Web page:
Coffee rust

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In Colombia, coffee scientists urge: Viva la resistencia!

Coffee scientists from around the world last week flew into Colombia's Eje Cafetero region, a verdant collage of deep gullies and mountainsides covered in thousands of small-scale coffee farms framed by banana trees. At the heart of the 25th International Conference on Coffee Science (ASIC) was a burning question: how to deal with coffee leaf rust, or roya. The world's most damaging coffee disease, leaf rust has torn through Latin America, costing farmers an estimated $1 billion and cutting some harvests by more than half in Central America. Between copious coffee breaks, scientists announced several new molecular techniques to help combat this continental epidemic.

Resistant coffee plants

Helping the coffee plant defend itself from the fungus is a top priority. Colombia leads the world in developing rust-resistant coffee breeds, also known as cultivars. When coffee leaf rust—which was first spotted in East Africa in the 1860s—made it to South America in the 1970s, Colombia's national coffee research center, Cenicafé, was already a decade into its rust resistance breeding program. Since then, it has released two major coffee cultivars—Colombia (in 1980) and Castillo (2005)—that have been effective since 1983 in tempering leaf rust while preserving the characteristics so important to world-class coffee: high yield, large grain size, great taste.

But, like a pharmaceutical pipeline, the problem has been the time and money required to take a new coffee plant from research to market. "It takes more than 25 years to develop a new variety," explains Pilar Moncada, a scientist at Cenicafé. "One of the ways we can reduce the amount of time is by using genetic markers to evaluate which genes are of interest to us."

At last week's ASIC conference, Moncada presented a database of Cenicafé's collection of coffee germplasm. It includes more than 600 characterized genetic resources, mostly Ethiopian in origin, that encode agronomically relevant characteristics like disease resistance and favorable aroma. When Moncada starts developing a new rust-resistant cultivar, she can now genetically screen her first-generation plants against this database to streamline the process. "If we have a marker that is associated with rust resistance, we don't have to take the plant out to the fields and wait until there is a rust outbreak to see if it's resistant." But budget cuts have limited these genetic experiments, Moncada says. "We still need to validate the rust-resistant genes. Once we are sure they are linked, we can start with the selection."

Moncada knows genetic insights will expedite crop improvement. She's not alone. The announcement of the sequencing of the Coffea canephora genome in Science this month was met with a buzz from coffee aficionados and researchers alike, namely because it provided new details on the chemical evolution of caffeine. But that project sequenced the C. robusta species of coffee, a large and low-quality bean that has lost its popularity in the last few decades. Sequencers have yet to completely map out the more prized C. arabica species, though they presented a draft last week in Colombia.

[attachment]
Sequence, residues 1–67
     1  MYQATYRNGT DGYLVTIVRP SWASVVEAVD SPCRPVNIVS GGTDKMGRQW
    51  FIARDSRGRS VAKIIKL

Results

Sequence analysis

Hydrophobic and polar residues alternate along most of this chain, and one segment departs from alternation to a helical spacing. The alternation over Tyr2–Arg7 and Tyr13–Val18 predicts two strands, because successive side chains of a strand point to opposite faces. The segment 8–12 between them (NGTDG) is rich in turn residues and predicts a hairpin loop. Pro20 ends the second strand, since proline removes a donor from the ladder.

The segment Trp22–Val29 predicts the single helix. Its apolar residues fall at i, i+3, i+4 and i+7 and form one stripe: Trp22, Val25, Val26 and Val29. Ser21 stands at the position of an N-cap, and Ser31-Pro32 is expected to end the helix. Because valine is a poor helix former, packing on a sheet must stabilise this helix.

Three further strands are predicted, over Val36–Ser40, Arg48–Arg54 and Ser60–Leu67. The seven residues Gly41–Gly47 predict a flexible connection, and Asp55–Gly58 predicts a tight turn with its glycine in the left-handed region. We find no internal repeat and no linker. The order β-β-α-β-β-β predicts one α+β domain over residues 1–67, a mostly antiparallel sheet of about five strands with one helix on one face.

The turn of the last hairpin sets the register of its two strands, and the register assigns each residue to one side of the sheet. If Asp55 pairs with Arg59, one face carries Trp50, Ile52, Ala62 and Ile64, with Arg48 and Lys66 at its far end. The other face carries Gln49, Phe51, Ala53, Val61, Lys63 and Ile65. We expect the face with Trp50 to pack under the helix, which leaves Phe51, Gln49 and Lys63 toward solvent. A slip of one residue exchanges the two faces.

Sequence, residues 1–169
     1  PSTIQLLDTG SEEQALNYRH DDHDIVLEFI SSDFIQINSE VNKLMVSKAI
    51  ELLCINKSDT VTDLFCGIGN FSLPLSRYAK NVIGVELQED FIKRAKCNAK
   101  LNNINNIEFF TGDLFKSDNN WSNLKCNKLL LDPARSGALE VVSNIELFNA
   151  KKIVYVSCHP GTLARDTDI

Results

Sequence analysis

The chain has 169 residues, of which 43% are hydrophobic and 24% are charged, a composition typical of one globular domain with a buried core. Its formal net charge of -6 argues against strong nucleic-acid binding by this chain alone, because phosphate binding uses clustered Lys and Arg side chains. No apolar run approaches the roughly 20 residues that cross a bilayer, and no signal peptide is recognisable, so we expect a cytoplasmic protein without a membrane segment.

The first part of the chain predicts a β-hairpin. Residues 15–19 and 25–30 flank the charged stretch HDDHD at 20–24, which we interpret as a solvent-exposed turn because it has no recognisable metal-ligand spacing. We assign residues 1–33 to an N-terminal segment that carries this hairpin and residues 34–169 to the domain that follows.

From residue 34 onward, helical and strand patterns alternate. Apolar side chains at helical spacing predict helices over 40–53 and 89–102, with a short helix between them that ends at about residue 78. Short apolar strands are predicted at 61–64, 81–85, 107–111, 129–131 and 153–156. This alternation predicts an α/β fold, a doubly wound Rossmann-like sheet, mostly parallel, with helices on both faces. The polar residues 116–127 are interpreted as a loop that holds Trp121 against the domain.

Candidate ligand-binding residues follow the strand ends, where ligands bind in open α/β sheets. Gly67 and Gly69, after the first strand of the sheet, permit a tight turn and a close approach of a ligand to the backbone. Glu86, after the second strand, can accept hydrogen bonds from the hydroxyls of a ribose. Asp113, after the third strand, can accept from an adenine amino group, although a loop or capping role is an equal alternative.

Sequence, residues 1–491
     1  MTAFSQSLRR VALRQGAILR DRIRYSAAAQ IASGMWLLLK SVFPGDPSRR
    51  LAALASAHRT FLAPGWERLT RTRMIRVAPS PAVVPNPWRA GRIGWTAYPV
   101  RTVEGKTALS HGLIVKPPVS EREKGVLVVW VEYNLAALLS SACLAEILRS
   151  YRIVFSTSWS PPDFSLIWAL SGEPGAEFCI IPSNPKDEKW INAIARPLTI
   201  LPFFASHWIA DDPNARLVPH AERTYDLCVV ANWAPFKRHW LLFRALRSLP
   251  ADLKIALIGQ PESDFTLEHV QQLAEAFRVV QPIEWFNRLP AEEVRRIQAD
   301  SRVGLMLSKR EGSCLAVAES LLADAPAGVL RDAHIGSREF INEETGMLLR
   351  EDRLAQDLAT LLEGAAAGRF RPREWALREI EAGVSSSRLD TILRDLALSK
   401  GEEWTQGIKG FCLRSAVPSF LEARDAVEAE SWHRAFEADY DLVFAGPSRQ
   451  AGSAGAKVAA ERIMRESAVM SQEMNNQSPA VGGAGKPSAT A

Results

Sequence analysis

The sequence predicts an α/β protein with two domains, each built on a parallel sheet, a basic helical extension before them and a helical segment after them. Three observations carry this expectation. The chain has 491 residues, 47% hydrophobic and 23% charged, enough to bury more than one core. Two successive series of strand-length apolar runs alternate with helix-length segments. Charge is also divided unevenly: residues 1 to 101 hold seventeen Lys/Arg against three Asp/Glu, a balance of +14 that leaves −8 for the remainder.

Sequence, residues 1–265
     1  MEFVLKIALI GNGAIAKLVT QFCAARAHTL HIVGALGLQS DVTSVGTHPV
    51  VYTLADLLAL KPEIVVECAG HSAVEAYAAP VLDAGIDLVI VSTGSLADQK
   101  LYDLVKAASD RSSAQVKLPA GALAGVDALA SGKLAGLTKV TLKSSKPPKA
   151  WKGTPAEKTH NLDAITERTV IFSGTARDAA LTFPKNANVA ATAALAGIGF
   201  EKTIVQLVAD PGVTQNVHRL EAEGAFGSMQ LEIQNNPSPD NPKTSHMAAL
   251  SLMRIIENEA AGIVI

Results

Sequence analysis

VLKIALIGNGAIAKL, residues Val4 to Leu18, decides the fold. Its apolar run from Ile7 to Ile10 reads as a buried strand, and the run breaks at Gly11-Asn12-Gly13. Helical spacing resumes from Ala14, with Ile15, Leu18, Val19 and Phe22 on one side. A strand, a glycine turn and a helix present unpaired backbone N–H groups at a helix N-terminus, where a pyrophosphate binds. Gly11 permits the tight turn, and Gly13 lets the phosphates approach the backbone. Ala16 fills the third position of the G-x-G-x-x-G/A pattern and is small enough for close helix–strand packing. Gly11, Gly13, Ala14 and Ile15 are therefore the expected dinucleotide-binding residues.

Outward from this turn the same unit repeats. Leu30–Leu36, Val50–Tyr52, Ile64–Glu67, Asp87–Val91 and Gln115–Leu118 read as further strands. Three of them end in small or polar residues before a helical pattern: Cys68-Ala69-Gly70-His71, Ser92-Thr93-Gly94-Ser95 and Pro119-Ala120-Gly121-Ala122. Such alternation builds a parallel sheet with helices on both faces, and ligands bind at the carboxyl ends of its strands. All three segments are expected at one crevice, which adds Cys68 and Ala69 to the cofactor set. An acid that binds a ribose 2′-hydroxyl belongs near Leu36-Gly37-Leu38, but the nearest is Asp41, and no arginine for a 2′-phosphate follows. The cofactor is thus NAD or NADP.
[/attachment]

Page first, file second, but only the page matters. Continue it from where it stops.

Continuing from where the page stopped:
Characterizing the fungus

Another focus was understanding the biology of the rust fungus, Hemileia vastatrix. "Coffee rust is a hacker," explains Álvaro Gaitán, head of plant pathology at Cenicafé. "It's always looking for a new way to get inside the plant." Gaitán's team is trying to arrest the infiltration of coffee rust, which occurs when the fungus spore germinates and penetrates the plant's stomata. Researchers don’t yet know exactly what fungus is doing—or what proteins it's secreting—to infect the coffee plant. But research into other plant rusts has implicated several proteins in this pathogenic process, making them logical candidates for study by the Colombian team.

Using RNA sequencing, Gaitán's team identified 28 genes in H. vastatrix that are associated with breaking down the defenses of the coffee plant. These coded for a series of proteins which, as it turns out, are conserved across other species of fungal rusts. The pathogens seem to use some of the same tools to gain entry into a leaf.

Inhibiting this infiltration process could be key to stopping coffee leaf rust. But Gaitán warns that scientists need to be careful to target the entire range of coffee leaf rust, of which some races are more virulent than others. "We have to characterize the races of roya," Gaitán says. "You don't want to just target the weak rusts; you have to prove your materiel against strong rusts." The genetic screening of leaf rusts would also enable authorities to rapidly characterize—and more quickly mitigate—the next severe leaf rust outbreak.

Meanwhile, researchers say teasing apart the genetic machinery of coffee rust is relevant not only to coffee lovers but also to our global food supply. Coffee farms the world over are still planting susceptible cultivars that increasingly require pesticides to fend off disease. This heavy application of pesticides is irresponsible, Gaitán says, especially on small-holder farms like the ones dotting Colombia. "Every time you recommend the use of a pesticide you're exposing the family, too, because they live very close to these fields," he says. "And many of these coffee diseases are controlled by natural enemies of the fungus. You don't want to kill those off."

*Correction, 22 September, 12:25 p.m.: This article previously misattributed the quotes and work from Pilar Moncada.

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